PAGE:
Freeman

July 1968

Volume 18, 1968

FEATURES

Moral Education and History

JULY 01, 1968 by FREDERICK MANCHESTER

From the historical record may be drawn some suggestions for a moral regeneration in our time.

Still Life on Fire

JULY 01, 1968 by JOHN OTTERSON

Concerning the vast unknown within ourselves and how to bring it forth.

Separation of Powers and the Labor Act: 1. Congressional Policies vs. Labor Board Policies

JULY 01, 1968 by SYLVESTER PETRO

An expert analysis of the forfeiture of Congressional legislative power to an executive agency - the National Labor Relations Board.

Confiscation and Class Hatred

JULY 01, 1968 by HENRY HAZLITT

Whether in Britain or the U.S. or anywhere else, confiscatory taxes can destroy the economy.

Some Lessons of Rhodesia

JULY 01, 1968 by WILLIAM HENRY CHAMBERLAIN

Peace and prosperity seem to depend far more on domestic law and order than on international sanctions and other meddling.

A Power that Serves

JULY 01, 1968 by WALTER L. UPSON

Their object is to generate horse power and purchasing power without resort to coercion.

The Rise and Fall of England: 5. Liberty and Property Secured

JULY 01, 1968 by CLARENCE B. CARSON

Not so much through new guarantees as by gradual repeal of old prohibitions and restraints.

Albert Nock's Job

JULY 01, 1968 by NICHOLAS SILIA JR.

To improve one's own understanding is the most likely way to convey a good idea to others.

A Reviewer's Notebook - 1968/7

JULY 01, 1968 by JOHN CHAMBERLAIN


"Poverty Is Where the Money Is" by Shirley Scheibla

"The New Ordeal by Planning" by John Jewkes

"George Washington in the American Revolution 1775-1783" by James Thomas Flexner


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December 2014

Unfortunately, educating people about phenomena that are counterintuitive, not-so-easy to remember, and suggest our individual lack of human control (for starters) can seem like an uphill battle in the war of ideas. So we sally forth into a kind of wilderness, an economic fairyland. We are myth busters in a world where people crave myths more than reality. Why do they so readily embrace untruth? Primarily because the immediate costs of doing so are so low and the psychic benefits are so high.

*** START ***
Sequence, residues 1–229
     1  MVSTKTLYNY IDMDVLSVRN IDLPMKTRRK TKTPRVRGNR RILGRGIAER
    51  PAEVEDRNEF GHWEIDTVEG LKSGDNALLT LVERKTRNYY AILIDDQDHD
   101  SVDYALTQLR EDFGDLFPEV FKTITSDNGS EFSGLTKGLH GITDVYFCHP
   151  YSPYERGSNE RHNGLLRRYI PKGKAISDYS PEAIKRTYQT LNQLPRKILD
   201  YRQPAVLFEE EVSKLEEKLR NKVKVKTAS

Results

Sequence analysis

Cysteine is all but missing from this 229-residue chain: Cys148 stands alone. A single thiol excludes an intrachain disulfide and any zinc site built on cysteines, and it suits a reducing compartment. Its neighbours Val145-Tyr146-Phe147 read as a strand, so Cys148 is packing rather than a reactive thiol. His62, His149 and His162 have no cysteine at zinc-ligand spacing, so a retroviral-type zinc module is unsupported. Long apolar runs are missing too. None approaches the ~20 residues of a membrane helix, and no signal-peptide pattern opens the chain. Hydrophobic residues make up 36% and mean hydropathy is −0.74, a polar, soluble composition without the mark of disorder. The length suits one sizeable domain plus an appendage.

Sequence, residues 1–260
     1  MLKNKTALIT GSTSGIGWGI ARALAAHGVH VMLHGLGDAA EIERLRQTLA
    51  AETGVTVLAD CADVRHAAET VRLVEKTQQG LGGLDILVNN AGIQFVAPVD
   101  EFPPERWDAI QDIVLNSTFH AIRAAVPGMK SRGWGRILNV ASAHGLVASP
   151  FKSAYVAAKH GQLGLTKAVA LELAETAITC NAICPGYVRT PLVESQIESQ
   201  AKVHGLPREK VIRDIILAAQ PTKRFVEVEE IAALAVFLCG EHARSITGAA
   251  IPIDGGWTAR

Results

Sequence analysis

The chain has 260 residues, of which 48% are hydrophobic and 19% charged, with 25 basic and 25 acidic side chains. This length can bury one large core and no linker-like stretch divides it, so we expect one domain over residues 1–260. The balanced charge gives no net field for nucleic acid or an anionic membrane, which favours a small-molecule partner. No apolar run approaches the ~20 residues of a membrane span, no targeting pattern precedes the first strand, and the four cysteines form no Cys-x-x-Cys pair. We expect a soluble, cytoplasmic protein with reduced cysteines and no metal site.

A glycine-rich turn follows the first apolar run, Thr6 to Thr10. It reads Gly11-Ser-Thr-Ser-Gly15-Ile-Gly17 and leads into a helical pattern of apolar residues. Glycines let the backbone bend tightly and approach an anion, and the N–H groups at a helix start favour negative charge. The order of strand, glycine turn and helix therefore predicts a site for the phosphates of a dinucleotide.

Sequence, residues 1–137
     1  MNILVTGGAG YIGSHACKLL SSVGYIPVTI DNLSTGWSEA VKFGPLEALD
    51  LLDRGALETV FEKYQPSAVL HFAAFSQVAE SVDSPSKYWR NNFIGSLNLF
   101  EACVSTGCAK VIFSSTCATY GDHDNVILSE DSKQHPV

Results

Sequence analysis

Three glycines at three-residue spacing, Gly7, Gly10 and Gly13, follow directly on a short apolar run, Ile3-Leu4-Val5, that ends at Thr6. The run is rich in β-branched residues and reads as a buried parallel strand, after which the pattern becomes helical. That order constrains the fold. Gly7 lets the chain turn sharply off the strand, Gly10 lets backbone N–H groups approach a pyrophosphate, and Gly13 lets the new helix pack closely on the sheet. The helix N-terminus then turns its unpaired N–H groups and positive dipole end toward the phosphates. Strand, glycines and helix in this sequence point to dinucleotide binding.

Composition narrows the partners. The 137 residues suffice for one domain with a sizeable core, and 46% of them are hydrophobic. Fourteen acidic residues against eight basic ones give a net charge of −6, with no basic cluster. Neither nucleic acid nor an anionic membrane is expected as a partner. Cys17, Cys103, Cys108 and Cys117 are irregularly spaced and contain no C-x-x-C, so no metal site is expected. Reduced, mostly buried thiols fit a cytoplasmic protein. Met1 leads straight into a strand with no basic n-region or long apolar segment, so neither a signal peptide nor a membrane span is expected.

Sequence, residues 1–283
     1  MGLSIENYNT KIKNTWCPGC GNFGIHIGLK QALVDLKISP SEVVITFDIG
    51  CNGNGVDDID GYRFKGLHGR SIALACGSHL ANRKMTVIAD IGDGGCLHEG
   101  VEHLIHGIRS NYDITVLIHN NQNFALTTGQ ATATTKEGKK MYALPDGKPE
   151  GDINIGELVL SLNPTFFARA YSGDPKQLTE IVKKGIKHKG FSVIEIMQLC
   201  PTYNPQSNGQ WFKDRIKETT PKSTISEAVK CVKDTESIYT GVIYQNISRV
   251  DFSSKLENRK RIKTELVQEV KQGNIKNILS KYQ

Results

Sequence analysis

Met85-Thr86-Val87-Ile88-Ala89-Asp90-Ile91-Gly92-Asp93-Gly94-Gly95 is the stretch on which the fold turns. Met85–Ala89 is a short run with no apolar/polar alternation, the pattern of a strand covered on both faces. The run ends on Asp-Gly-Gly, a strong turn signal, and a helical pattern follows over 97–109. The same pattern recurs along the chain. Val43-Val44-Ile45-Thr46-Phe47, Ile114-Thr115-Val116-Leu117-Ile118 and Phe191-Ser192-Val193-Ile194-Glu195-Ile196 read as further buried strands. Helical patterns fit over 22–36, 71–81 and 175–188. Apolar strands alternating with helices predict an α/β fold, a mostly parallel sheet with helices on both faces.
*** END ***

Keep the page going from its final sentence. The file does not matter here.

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Essential Works from FEE

Economics in One Lesson (full text)

By HENRY HAZLITT

The full text of Hazlitt's famed primer on economic principles: read this first!


By FREDERIC BASTIAT

Frederic Bastiat's timeless defense of liberty for all. Once read and understood, nothing ever looks the same.


By F. A. HAYEK

There can be little doubt that man owes some of his greatest suc­cesses in the past to the fact that he has not been able to control so­cial life.


By JEFFREY A. TUCKER

Leonard Read took the lessons of entrepreneurship with him when he started his ideological venture.


By LEONARD E. READ

No one knows how to make a pencil: Leonard Read's classic (Audio, HTML, and PDF)